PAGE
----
I ’ve always heard that nice guys finish last, so when it came to my first 5K race, I must have been batting .1000 in the nice category.
I signed up for the 5K in early February, knowing there was no way I would be able to run the whole 3.2 miles because I’m just not in good enough shape. But the entry fee went to raise money for a worthy cause, and a friend of mine was one of the event organizers.
I was awake bright and early on race day, and bundled up in sweat pants and fleece. I lined up with all the other participants at the starting line, slightly intimidated by them — the muscles, the fit physiques, the talk of finishing in 20 minutes. And all the spandex.
The first few hundred feet of the race were downhill, and I found myself thinking it wouldn’t be so bad. Then we got to level ground, and my need for air forced me to slow my pace. A man pushing a baby carriage passed me. I was more than a little insulted.
I quickly realized that everyone had passed me except for one other woman, who seemed to be in similar physical condition to me, and a man who appeared to be in his 70s, who would eventually pass me while encouraging me that my stride looked nice. My one goal for the race was to not finish last, and it looked like even that measly accomplishment would not be realized. I turned to the other woman, who was about 50 feet behind me, and asked if she wanted to be race buddies.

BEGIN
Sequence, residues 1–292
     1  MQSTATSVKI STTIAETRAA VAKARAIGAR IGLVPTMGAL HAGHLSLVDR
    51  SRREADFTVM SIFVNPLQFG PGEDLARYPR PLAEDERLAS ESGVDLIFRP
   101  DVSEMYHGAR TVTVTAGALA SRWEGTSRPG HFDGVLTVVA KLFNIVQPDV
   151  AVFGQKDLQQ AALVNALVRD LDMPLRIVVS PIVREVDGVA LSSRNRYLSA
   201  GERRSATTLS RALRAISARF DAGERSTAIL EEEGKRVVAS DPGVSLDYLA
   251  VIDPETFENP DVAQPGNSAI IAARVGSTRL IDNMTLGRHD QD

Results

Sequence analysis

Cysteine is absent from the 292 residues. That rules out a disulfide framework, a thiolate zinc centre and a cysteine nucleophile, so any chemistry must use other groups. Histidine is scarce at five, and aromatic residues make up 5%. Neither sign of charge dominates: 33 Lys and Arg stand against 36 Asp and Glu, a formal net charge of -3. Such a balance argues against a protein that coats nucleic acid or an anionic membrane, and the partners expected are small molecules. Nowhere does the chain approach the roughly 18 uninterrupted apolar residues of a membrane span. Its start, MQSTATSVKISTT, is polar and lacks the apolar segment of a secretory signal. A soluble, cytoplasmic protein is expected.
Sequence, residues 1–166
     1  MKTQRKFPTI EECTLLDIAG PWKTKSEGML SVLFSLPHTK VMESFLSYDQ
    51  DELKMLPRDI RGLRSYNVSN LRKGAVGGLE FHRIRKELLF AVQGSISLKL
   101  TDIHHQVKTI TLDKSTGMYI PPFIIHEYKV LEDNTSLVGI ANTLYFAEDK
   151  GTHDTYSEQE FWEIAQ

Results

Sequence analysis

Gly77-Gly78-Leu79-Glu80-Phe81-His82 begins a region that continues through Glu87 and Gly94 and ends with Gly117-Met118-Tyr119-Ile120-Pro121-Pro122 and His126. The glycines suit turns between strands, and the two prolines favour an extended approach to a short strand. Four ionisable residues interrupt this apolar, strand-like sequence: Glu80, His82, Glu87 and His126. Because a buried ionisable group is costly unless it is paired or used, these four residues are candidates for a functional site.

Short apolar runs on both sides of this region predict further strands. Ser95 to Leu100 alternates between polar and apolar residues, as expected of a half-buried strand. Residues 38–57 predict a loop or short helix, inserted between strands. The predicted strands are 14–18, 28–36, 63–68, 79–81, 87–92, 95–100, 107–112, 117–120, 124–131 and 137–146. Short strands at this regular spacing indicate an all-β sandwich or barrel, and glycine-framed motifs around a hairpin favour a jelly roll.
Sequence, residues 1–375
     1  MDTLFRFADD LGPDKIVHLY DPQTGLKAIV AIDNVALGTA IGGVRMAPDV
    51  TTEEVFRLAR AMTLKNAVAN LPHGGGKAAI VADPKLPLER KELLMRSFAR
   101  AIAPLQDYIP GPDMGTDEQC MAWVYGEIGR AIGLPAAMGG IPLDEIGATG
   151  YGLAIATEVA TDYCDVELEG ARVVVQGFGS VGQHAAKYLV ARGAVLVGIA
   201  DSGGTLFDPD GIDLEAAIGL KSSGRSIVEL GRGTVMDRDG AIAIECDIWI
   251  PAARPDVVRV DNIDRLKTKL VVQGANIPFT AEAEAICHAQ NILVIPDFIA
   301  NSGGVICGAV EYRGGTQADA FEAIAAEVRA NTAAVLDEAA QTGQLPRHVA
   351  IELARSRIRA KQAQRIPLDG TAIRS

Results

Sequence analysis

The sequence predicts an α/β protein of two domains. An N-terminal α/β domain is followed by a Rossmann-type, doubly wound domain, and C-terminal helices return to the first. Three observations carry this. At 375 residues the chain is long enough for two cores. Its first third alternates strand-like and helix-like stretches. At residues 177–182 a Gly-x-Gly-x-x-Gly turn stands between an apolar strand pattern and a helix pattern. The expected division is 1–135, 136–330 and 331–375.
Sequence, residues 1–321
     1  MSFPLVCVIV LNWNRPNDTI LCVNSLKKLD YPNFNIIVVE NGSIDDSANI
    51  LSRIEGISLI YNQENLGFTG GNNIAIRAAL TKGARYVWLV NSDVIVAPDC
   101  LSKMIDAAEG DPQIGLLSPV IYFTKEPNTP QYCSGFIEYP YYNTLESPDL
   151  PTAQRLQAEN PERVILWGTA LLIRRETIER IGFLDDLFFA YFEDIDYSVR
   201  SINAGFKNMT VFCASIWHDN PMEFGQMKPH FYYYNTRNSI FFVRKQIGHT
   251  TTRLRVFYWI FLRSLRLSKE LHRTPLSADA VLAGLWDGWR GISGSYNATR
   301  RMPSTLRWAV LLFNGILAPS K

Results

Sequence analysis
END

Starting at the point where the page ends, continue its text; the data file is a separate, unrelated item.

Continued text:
“I don’t want to finish last,” I told her. “And I figure you don’t either. If we cross the finish line together, then we can say neither of us finished last.”
Her name was Beth, and she agreed that the miles would go more quickly with someone to chat with along the way. We did our best, mostly walking and jogging some. We hit the halfway point to the cheers of the race volunteers and some refreshing water. We finished the race in about 49 minutes, several minutes behind the next closest runners.
But we finished.
It wasn’t easy to get out and complete a 5K. It was early. I knew I could be embarrassed because I wasn’t in great shape. When everyone passed me, it was tempting to just turn around, get back in the car and head to breakfast with my husband. But now I can say I’ve completed a 5K. I didn’t finish last, and thanks to me, Beth didn’t have to finish last, either.
Now I’m actually looking forward to my next 5K, which will be near the end of this month. Hopefully, my conditioning will be a little better this time, and I now have a goal in addition to not finishing last: I want to finish in less time than the first 5K took.
All this to say, if I can get out there and do it, so can you. Don’t let embarrassment or laziness keep you from doing something that is good for yourself, whether that’s participating in a 5k or walking laps around the truckstop parking lot. And you won’t just be doing it for you. You’ll be helping your family members by increasing your own health, and you may even help inspire fellow drivers who want better health.